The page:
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Wednesday, December 15, 2004corporate customers are driving software sector mergers. Excerpts with my edits and my views added:
There could be no more striking evidence of the trend toward consolidation in the computer software industry than the news of the past few days.
Oracle + Peoplesoft, Symantec + Veritas(Likely)
Big mergers have been rare in the software industry. Software companies have typically flourished or died on their own. Acquisitions tended to be made by larger companies seeking to fill a niche with new expertise and elite teams of engineers, like most of Microsoft's corporate purchases.Corporate customers are driving the new trend. All through the Internet boom years of the 1990s, it was the hardware and software companies that held power in the marketplace. They were the weapons suppliers of a new economy that would be the death knell of old hierarchies and old companies unless they bought new Internet technology.The suppliers basically threw technology - a raft of often confusing new hardware and software products - at corporate buyers, and it was up to the corporate customers to make it work.After the Internet bubble burst, the balance of power in the technology marketplace shifted sharply toward corporate customers, and that trend shows no signs of reversing soon. Today, business buyers want their technology to cost less and be less complicated to use, analysts say.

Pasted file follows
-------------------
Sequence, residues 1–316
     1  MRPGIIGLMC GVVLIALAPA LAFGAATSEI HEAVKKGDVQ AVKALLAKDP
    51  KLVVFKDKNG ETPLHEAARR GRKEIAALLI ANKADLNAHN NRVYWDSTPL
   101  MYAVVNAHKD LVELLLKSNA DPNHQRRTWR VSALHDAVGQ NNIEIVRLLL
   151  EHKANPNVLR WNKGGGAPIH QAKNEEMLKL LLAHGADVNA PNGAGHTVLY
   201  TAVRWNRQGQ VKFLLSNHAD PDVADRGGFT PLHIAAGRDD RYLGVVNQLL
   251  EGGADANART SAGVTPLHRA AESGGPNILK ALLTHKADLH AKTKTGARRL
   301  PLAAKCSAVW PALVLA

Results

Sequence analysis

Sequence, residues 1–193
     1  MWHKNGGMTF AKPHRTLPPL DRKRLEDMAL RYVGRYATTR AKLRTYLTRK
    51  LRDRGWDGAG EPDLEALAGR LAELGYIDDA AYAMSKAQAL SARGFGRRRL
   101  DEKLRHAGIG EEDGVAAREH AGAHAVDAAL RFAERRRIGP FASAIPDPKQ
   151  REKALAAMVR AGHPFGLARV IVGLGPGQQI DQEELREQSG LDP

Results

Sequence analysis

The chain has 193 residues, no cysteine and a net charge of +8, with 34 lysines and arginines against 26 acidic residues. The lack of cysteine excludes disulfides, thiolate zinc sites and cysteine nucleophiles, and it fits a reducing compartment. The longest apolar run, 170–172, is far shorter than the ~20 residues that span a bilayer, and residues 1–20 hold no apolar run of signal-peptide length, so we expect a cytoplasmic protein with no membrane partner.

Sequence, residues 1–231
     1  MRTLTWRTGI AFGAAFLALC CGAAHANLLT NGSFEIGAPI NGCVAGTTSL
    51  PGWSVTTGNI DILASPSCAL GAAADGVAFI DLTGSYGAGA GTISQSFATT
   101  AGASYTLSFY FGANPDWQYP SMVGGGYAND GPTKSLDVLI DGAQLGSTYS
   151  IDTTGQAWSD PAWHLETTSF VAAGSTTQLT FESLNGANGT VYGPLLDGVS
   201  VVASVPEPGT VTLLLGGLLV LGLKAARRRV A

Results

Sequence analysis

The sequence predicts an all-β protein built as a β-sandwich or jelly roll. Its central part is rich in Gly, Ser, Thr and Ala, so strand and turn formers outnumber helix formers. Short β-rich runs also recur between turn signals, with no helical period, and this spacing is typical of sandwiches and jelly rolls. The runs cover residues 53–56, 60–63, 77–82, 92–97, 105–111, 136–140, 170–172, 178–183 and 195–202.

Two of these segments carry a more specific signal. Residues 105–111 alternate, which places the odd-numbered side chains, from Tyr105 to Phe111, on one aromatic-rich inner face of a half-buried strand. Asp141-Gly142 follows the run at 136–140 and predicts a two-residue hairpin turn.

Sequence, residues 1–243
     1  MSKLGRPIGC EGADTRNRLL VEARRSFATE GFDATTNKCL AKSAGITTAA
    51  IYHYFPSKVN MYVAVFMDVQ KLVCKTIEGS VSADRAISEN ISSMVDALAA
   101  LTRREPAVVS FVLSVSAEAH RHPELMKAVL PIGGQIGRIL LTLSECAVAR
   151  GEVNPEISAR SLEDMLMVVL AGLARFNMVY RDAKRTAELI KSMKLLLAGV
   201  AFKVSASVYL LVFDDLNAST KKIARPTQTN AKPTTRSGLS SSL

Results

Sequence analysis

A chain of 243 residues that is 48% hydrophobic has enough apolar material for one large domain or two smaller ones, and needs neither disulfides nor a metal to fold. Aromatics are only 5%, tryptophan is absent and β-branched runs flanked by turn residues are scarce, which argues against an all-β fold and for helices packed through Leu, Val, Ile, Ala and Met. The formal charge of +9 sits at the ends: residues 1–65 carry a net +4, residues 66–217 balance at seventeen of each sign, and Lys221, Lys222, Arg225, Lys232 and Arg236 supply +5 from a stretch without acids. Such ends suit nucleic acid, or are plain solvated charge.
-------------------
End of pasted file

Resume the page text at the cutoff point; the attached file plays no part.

Recent software mergers are driven by the companies' need to cut costs and assemble larger bundles of products they can sell to corporate customers."The days are gone when technology suppliers delivered an array of piece parts that the customers were forced to cobble together themselves," said Crawford Del Prete, a senior vice president of research for International Data Corp., a technology research firm. "What we're seeing with these mergers is software companies focusing on offering integrated packages of products."
The new rules of survival in the corporate software business, according to Lawrence Ellison, founder and chief executive of Oracle, mean that companies must be able to steadily improve their products and lower costs."The only way to do that is get bigger and sell more software," Ellison said in an interview on Monday. "Size matters in software, and so does scale."The consolidation trend could well have a ways to run. In a new book, "The Business of Software," Michael Cusumano, a professor at the Massachusetts Institute of Technology's Sloan School of Management, writes that there are probably "too many software companies in the world by a factor of three or more." Mergers, to be sure, are not the only way an industry can consolidate. "I think what the industry needs is not so much consolidation of software companies but elimination of companies," Charles Di Bona, an analyst at Sanford C. Bernstein & Co., said. Even when acquired, di Bona said, software companies and products are more likely to be phased out over time than melded together. Watch this space for views on consolidation for software professional service companies. |
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